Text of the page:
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BRIDAL SPECIAL Featured In Our Mar. 15th Issue Of The Susquehanna County Transcript

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Issue Home March 7, 2006 Site Home

Fun For All Ages
Return To Sender
County Gets Grant Money Award
Be Prepared For Weather Emergencies
Colorectal Cancer Is Largely Preventable
Coordinator Warns Of Flash Flooding
No-Till Conference Was Good Source of Information
Turnpike Senior Center Update
County United Way Exceeds Goal

Fun For All Ages


There was fun for all ages at Miss Julie’s recent birthday party, held at the Northern Wayne Community Library! This birthday story time for preschool children was held on February 26, and was attended by children from 2 to 78 years young! All the participants enjoyed a birthday story, created a special party hat, played games, enjoyed cake and received a birthday gift. Pictured (l-r) are: back row – Danyel Worobey, Leah Neu, Miss Julie (Julie Pacheco), Christian Sokol; front row – Gracie Mead, Gracie Maxson, Abby Cordts, Hannah Holbert, Taylor Maxson, David Mead.

The next scheduled event is “St. Patrick’s Day Fun”, a preschool story and craft time. The program will take place on Friday March 17, from 10:00 a.m. – 11:15 a.m. All programs at the Northern Wayne Community library are free of charge and open to all. Please call 570-798-2444 for information on other upcoming programs.

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Return To Sender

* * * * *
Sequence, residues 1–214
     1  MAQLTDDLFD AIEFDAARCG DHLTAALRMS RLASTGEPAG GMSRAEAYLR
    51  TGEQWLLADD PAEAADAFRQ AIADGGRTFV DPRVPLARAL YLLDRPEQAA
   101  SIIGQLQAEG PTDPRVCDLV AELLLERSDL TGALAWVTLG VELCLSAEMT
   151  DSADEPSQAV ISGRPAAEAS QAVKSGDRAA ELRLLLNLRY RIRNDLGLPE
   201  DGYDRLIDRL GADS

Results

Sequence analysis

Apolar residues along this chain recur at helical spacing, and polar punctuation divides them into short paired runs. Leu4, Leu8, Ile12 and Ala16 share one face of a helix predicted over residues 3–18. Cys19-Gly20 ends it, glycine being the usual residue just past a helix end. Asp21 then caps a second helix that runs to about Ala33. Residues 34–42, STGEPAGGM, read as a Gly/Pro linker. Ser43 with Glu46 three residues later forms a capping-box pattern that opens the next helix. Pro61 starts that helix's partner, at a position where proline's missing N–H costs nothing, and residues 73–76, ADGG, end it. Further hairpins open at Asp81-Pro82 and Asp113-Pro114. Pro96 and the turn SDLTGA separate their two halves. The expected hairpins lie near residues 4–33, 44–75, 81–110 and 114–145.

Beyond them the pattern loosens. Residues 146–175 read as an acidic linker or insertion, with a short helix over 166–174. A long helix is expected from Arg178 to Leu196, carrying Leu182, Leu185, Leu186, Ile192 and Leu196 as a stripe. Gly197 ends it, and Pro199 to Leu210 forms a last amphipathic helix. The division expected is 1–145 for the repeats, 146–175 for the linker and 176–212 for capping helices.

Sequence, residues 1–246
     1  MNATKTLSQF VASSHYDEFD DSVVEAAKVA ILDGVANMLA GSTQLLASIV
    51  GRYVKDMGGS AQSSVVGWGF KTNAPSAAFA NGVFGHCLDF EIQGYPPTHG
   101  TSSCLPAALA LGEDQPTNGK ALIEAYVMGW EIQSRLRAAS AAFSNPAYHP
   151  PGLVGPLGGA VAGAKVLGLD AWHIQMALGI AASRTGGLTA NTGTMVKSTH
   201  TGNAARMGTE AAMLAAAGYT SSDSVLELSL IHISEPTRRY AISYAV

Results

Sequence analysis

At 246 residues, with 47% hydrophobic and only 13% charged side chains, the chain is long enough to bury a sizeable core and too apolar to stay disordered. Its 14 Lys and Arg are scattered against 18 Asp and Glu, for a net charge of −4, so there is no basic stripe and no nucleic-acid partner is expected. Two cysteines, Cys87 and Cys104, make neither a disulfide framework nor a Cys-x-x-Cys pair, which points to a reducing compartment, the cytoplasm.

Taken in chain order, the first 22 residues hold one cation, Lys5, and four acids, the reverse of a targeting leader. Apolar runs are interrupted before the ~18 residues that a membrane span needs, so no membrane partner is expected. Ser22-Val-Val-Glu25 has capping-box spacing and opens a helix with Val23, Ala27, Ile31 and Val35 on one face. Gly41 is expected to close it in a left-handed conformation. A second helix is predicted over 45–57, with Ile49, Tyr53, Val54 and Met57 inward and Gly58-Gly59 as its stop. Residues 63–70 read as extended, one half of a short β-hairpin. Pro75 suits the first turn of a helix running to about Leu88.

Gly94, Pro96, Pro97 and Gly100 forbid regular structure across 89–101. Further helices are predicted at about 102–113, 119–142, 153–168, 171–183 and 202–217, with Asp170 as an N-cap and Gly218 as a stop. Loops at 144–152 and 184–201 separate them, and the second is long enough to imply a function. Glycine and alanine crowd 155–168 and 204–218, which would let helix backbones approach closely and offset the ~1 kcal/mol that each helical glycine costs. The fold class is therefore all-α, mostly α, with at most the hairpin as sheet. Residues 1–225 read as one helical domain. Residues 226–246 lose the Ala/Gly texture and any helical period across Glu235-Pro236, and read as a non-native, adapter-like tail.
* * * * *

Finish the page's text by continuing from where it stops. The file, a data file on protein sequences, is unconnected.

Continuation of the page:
Joe and “Shorty” were doing what they usually do – chores. This particular morning, Tuesday, February 7, 2006, was set aside to do the classic farm chore-fixing fences on the Starzec Farm. The men were outside getting locust posts when Joe noticed something blue on the ground. There is always trash needing picked up because people litter. But what Joe picked up could not have been anticipated. It was a shiny, blue foil balloon with a message. The balloon was torn nearly in half. But Joe and “Shorty” reassembled the balloon so the message could be read easily. When they returned to the house, they shared the balloon with Joe’s father Ed Starzec. Eventually another brother John arrived at the farm and got curious as to who sent this message. The message was timeless and irresistibly friendly: Hi my name is Bobby Don Cariker. I’m 3 ½ years old. If you get my balloon I would like to hear from you. The street address and phone number were included. The balloon had apparently traveled a long way from the hands that penned the message. At the father’s encouragement they reached out to touch someone. They found someone who wanted to chat the old fashioned way. The men on the Starzec Farm of Montrose, Pennsylvania placed a call to the Cariker home and “met” the family from Arkansas.